12 October 2021

Abstract: Flystrike is a significant health and welfare risk to Australian sheep costing up to $170 million each year. A vaccine would be a game changer for farmers around the country.

Australian Wool Innovation (AWI) has committed an extra $650,000 to fast-track CSIRO development of a flystrike vaccine.

The CSIRO says such a vaccine would be an ‘ecologically- and animal welfare-friendly control measure that has no chemical residues and has the potential for long term and cost-efficient flystrike control’.

The Flystrike Vaccine Project is into its second year of research with trials in sheep now underway to test prototypes.

AWI said it released the extra funds to allow for 12 months of ‘supercharged formulation testing’.

AWI’s general manager of research, Dr Jane Littlejohn, told Western District Farmer that, due to the time involved in researching, developing, and taking a vaccine to market, there won’t be a vaccine for growers’ use this time next year. However, Dr Littlejohn hopes CSIRO can take some ‘giant steps towards this ultimate outcome in the next 12 months’.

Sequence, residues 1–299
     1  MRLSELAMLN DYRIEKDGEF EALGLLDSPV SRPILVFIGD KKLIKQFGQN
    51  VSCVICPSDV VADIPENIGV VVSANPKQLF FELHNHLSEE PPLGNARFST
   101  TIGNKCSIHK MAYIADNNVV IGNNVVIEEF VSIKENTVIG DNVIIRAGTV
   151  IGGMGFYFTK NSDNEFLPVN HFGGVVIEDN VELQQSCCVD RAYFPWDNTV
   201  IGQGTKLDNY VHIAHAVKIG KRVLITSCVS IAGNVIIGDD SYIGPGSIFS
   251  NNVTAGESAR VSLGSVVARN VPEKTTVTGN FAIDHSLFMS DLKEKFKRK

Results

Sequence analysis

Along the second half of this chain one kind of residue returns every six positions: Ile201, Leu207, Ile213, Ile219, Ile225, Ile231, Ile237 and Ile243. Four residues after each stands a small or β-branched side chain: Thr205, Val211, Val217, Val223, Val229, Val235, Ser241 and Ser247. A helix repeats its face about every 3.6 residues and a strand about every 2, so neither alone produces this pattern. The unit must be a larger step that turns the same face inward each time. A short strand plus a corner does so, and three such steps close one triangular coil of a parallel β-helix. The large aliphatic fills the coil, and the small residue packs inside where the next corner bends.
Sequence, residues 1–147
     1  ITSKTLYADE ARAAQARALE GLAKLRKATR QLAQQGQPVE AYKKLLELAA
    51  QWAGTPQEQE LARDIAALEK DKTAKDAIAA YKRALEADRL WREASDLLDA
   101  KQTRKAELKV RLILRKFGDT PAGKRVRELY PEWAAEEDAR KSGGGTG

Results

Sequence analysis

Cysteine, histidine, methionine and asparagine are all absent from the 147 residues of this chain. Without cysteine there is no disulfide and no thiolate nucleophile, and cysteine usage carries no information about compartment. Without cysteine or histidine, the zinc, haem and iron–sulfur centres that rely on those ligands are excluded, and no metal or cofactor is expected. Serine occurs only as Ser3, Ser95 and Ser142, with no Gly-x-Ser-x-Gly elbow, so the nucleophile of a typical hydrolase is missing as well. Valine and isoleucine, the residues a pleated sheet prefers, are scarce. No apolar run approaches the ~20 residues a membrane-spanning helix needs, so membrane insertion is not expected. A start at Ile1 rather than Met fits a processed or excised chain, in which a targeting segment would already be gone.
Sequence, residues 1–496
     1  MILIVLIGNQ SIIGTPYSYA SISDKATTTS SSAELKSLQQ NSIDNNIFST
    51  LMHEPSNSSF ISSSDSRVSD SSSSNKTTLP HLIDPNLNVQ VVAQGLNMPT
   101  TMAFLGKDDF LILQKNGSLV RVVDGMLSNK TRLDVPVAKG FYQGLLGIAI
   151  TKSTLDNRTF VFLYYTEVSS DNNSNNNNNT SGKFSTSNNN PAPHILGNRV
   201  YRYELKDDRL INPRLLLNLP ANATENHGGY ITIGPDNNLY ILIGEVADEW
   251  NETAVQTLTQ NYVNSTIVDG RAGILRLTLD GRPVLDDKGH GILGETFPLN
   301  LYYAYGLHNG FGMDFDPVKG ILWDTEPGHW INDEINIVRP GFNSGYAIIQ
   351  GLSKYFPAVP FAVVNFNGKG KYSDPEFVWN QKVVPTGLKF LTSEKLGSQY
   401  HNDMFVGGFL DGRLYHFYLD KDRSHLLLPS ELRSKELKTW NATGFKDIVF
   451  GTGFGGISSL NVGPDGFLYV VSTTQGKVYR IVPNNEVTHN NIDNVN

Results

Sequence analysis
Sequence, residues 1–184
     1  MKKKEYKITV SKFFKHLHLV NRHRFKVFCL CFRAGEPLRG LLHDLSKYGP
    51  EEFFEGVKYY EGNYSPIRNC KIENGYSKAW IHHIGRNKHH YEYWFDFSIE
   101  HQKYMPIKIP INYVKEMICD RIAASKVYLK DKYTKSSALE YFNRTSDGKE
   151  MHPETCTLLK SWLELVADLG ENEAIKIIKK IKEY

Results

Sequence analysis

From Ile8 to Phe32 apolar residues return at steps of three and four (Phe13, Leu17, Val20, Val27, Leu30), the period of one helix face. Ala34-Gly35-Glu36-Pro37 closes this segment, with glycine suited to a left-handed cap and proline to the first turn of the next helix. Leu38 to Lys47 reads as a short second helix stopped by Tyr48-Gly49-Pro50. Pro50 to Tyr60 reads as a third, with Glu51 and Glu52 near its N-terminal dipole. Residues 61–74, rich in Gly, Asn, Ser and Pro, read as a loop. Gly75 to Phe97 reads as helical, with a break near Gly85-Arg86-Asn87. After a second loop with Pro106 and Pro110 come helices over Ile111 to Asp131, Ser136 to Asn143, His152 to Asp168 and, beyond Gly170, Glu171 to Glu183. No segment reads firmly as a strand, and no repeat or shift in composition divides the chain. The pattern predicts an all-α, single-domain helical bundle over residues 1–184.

You can read more about the project on the CSIRO website.

The RSPCA believes that breeding plainer bodied, flystrike resistant sheep is the ultimate goal to end mulesing and manage flystrike risk, while an effective flystrike vaccine will help wool growers manage flystrike risk in the interim. Find out more about mulesing and the RSPCA’s position here.